How to Travel the Sahara Safely

Spanning over 5,600km, from the shores of the Red Sea to Mauritania on the Atlantic coast, the Sahara is the size of the United States. It covers almost one-third of Africa. The world’s largest non-polar desert includes 11 countries, with Morocco, Algeria, Tunisia, Libya and Egypt fronting the Mediterranean. To the south lie Niger, Chad, Mali and Sudan, which overlook the Sahel’s semi-arid grasslands and savannah.

A short history of the Sahara

Since the Book of Exodus in the sixth century BCE, which contains the earliest known accounts of desert travel, deserts have been frequently depicted as a soul-destroying sea of dunes, scorched earth and hellish nothingness. While large swathes of the Sahara are inhospitable –- there’s roughly one person per four square kilometres –- sand covers only 15 to 25 percent. The rest is gravelly plains, mountains, depressions and salt flats. It has 20 or so seasonal lakes and 90-plus oases. Its highest point is Mount Koussi (3,415m) in Chad and its lowest point is Egypt’s Qattara Depression (-133m). The 4,000 to 6,600km long Niger and Nile Rivers are its only permanent waterways.

Around 12,000 years ago, the Nile Valley, at the Sahara’s eastern edge, was its only habitable corner. A millennium-and-a-half later, unprecedented monsoon rains began to green much of the landscape into a savannah. The process took just a few hundred years. Unsurprisingly, inhabitants of the Nile –- which was now increasingly overcrowded –- began venturing west into the interior. They built prehistoric settlements beside lakes and survived through fishing and hunting hippopotamus, elephant, giraffe, crocodile and whatever else they could spear with their bone harpoons. This continued for a couple of thousand years, with an increasing number of groups converting to a nomadic pastoral lifestyle, supported by cattle, sheep and goats, and the cultivation of barley and wheat.

A map by cartographer Carl Churchill showing a speculative reconstruction of the Sahara’s lakes, rivers and grasslands between seventh to fourth millennium BCE.

Gradually, isolated communities developed specialized technologies. Copper Age Egyptians shaped blades from Ethiopian-imported obsidian, Bronze Age Mauritanians extracted copper and Iron Age Nigerians mined salt in the dunes of northeast Niger. In turn, this created economic interdependence and gave rise to a complex network of trans-Saharan trade routes.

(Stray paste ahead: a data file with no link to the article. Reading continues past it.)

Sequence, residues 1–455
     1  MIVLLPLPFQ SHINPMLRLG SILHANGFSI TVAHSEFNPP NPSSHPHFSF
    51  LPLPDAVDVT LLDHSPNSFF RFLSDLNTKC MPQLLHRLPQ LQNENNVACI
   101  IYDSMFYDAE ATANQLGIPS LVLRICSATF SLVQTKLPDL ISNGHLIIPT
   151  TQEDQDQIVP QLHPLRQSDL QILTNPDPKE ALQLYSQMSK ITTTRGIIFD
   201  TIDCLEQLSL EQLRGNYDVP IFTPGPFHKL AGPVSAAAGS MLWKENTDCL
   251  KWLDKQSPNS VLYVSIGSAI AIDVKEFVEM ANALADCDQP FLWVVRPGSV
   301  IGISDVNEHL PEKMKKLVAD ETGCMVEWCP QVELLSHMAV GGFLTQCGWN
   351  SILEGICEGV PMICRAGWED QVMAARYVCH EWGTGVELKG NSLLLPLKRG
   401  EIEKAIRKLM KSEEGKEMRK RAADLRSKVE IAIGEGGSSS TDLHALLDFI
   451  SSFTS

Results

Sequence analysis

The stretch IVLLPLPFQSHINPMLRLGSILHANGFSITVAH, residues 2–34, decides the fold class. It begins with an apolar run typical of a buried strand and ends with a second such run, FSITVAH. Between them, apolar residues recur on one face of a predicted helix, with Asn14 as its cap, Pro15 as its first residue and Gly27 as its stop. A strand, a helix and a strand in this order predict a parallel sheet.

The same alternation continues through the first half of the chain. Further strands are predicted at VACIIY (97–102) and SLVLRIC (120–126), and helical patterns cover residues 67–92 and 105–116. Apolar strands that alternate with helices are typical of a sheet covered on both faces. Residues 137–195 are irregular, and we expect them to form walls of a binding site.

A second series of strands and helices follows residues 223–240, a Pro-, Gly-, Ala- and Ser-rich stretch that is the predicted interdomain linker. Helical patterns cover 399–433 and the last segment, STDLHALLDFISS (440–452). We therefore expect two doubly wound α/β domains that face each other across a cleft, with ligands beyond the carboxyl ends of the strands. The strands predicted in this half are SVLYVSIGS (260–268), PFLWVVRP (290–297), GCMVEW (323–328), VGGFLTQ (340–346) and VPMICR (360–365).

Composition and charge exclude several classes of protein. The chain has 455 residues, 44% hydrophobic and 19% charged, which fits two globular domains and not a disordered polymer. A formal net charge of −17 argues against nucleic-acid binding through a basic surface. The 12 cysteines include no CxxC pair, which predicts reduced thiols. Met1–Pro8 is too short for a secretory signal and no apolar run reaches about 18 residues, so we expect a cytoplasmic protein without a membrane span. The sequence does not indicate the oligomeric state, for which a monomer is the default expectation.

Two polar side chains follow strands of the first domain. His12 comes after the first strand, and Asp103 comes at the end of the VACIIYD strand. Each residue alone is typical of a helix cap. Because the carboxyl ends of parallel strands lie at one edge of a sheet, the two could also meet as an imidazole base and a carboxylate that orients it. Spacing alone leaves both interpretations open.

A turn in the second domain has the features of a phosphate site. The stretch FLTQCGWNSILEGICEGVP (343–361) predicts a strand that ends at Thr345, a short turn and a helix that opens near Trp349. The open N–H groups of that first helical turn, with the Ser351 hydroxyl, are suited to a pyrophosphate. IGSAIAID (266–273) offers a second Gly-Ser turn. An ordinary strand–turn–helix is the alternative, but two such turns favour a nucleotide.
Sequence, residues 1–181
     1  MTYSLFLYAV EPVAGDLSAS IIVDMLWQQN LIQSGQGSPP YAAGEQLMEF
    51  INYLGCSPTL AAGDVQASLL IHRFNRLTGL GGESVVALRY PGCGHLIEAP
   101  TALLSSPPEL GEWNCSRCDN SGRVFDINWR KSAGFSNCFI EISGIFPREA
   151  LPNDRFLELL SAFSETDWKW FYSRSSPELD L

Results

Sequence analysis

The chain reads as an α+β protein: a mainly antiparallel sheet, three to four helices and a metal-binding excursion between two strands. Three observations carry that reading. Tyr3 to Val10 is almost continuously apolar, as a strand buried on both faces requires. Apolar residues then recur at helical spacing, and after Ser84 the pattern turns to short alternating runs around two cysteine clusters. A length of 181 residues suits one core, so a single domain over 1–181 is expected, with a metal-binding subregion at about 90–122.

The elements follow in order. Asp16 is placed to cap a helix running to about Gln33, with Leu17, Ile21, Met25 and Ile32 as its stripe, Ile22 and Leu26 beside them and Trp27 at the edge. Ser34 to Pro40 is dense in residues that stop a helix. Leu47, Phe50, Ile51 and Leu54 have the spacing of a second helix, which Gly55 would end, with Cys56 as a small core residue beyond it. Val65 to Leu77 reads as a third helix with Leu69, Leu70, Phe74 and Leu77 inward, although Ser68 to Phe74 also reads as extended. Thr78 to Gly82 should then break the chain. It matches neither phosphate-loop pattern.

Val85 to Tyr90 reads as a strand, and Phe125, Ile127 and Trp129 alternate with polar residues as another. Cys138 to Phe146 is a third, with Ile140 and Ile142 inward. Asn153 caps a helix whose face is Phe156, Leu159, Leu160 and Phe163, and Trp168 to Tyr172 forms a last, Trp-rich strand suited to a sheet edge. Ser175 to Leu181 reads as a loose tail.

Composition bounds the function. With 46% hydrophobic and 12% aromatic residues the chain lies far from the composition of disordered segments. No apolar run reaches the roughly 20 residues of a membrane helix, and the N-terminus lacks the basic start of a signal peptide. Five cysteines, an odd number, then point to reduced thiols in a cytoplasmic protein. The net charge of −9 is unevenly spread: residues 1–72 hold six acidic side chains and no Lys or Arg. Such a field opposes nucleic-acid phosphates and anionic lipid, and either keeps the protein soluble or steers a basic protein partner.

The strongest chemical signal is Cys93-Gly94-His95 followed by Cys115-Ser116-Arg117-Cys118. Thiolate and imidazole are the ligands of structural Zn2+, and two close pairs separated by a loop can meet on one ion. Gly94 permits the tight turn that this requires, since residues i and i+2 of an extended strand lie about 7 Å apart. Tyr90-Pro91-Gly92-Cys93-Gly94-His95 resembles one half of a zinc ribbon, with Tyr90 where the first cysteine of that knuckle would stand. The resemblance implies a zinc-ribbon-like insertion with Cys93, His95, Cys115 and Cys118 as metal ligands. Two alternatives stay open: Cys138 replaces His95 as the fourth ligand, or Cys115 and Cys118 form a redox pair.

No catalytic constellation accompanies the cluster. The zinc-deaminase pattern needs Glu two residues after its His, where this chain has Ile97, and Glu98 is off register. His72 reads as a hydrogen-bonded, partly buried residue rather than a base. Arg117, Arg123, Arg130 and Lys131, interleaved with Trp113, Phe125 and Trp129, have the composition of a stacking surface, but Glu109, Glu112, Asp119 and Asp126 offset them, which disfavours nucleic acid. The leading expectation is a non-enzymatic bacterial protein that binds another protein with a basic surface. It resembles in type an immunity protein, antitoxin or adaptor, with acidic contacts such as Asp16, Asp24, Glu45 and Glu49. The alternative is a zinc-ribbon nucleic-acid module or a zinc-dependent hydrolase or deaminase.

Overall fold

A Google Map created by Amado Alfadni, Pau Cata, Eleonora Castagnone, and Carlos Perez Marin outlining the Sahara’s trade networks, as seen via their Project Qafila page. They compiled the route data from five Sahara books: Eric Rosse’s The Trans-Saharan Book Trade, Frédéric Nussy’s Caravanes d’Alger au Niger par le Hoggar, W.B.K. Shaw’s The Forty Day Road, Ahmed Abdel Ghaffar’s Sudanese Trade in Black Ivory, and D Jacques-Meunié’s Les Maroc Saharien des Origines à 1670. Marin has undertaken several 250 to 400km camel-supported journeys in Morocco, retracing sections of old caravan routes.

Security in the Sahara

Many of the trade routes are still in use today, though cars and trucks traveling unpaved roads have largely replaced camels. Two exceptions are the Azalai and Taghlamt salt caravan routes, run by Tuareg traders. Each stretches 600km between Mali’s Timbuktu and the Taoudenni salt mine. A slightly shorter one links Niger’s Agadez and the Bilma salt mine.

As romantic as travel here may seem, many of these ancient routes and regions of the Sahara are overshadowed by security issues, linked to illicit trafficking and trade, inter-ethnic conflict, separatism and terror organizations — much of it interconnected.

A 2017 graphic by the RHIPTO Norwegian Center for Global Analyses, illustrating the cross-country flow of goods, humans, arms, and drugs in the Sahara.

Thus, it’s easy for government advisories to convince would-be travelers that the Sahara is off-limits or too dangerous to visit. Since 2003, 150 foreigners have been kidnapped for ransom in the region, including Christian missionaries, overland motorcyclists, 4x4ers, cyclists and NGO workers. In most cases, visitors were taken by Al Qaeda or ISIS-affiliated groups and held in northern Mali, Nigeria and Burkina Faso. Roughly 90 percent of these victims are either still in captivity or released. The remainder were killed or died from other causes.

While tragic, this figure is minuscule compared to the more than 6,600 African migrants estimated to have died trying to cross the Sahara via human trafficking.

Sahara exploration and adventure